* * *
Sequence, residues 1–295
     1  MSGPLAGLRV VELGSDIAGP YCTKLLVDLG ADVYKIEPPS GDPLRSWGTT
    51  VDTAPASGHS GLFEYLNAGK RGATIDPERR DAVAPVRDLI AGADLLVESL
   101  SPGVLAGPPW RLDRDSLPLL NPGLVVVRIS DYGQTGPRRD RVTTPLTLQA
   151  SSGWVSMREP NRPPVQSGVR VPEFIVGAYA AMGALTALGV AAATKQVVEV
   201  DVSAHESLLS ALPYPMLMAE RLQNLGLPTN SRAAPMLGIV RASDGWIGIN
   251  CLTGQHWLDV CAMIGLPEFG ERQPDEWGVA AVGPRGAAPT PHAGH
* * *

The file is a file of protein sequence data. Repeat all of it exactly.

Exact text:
Sequence, residues 1–295
     1  MSGPLAGLRV VELGSDIAGP YCTKLLVDLG ADVYKIEPPS GDPLRSWGTT
    51  VDTAPASGHS GLFEYLNAGK RGATIDPERR DAVAPVRDLI AGADLLVESL
   101  SPGVLAGPPW RLDRDSLPLL NPGLVVVRIS DYGQTGPRRD RVTTPLTLQA
   151  SSGWVSMREP NRPPVQSGVR VPEFIVGAYA AMGALTALGV AAATKQVVEV
   201  DVSAHESLLS ALPYPMLMAE RLQNLGLPTN SRAAPMLGIV RASDGWIGIN
   251  CLTGQHWLDV CAMIGLPEFG ERQPDEWGVA AVGPRGAAPT PHAGH